We don't know what the Chinese government required of Apple (or anyone else) as a condition to sell devices in mainland China. I don't think the Chinese normally publicize it do they and it certainly wouldn't benefit Apple to bring it up. Personally I'd be pretty surprised if the Chinese didn't require Apple to give them a way to access user's iDevices if not the underlying code itself.

 

As mentioned above, the government has part ownership of all three carriers. Are you suggesting they are demanding more for one company than for the other two? Any credible source for this? Thanks.

post #25 of 31
Quote:
Originally Posted by StruckPaper View Post

The Chinese government also partially owns China Unicom and China Telecom.

As mentioned above, the government has part ownership of all three carriers. Are you suggesting they are demanding more for one company than for the other two? Any credible source for this? Thanks.

China Mobile has a larger market share than the other two combined. It's like the music industry allowing Apple to sell music on Macs while not allowing anyone else to sell it on Windows. The Mac had a smaller market share back then, so anything goes, as nothing big could go wrong. If the music industry allowed selling music on Windows, if the system wasn't tightly controlled problems might blow out of proportion, because of the sheer size of Windows market share.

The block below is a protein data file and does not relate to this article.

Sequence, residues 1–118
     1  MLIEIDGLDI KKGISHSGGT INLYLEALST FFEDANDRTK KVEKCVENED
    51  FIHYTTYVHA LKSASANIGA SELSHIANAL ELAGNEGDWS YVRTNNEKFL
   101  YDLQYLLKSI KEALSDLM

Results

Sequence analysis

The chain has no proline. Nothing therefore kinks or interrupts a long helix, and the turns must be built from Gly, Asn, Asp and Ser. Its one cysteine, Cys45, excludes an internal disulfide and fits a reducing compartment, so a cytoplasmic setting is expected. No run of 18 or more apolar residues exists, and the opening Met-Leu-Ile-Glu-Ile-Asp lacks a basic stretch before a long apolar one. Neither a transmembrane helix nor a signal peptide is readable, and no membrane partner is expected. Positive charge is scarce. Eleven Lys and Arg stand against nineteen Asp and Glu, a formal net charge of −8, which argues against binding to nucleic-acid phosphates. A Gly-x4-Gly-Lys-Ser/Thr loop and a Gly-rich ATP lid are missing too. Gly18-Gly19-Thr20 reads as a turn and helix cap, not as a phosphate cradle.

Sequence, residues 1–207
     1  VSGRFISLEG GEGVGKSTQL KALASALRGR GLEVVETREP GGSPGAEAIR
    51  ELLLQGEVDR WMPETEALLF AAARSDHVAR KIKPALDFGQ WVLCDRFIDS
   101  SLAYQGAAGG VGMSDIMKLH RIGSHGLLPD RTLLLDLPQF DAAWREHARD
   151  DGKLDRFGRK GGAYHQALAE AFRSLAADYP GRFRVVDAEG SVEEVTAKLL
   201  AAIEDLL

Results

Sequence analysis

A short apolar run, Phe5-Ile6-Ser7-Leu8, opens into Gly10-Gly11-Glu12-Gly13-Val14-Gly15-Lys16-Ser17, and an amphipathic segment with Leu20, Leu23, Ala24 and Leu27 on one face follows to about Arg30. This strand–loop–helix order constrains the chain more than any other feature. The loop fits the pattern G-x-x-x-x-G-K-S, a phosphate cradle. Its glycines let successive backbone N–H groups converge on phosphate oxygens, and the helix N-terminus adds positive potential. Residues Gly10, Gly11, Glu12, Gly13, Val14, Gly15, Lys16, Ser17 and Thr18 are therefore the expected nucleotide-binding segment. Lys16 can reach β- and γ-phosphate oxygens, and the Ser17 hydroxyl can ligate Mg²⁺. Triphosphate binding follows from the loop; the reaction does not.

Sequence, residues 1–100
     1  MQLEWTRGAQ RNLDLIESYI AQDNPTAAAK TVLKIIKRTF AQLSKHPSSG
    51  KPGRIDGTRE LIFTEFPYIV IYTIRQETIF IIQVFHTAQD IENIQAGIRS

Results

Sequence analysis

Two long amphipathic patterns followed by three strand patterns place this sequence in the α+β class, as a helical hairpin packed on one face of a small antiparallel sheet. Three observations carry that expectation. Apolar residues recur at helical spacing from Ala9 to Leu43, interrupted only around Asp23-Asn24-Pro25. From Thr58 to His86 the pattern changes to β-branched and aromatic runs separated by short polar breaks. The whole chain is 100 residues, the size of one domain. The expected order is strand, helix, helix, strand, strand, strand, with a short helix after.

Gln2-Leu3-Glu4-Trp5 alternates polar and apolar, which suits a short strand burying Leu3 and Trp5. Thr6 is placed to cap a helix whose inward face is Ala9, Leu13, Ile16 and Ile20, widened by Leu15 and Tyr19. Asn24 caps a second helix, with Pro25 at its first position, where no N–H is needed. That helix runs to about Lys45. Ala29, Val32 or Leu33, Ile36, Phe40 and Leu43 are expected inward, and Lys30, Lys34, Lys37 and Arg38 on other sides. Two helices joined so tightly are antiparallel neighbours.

It the government allows it for Unicom, nothing big could go wrong, and the benefit is they can make Apple jealous. If they allow it for China Mobile without tightly controlling it, things can go wrong.
post #26 of 31
Quote:
Originally Posted by blackbook View Post

With every story and report, the upcoming plastic phone is looking like it WON'T be low cost.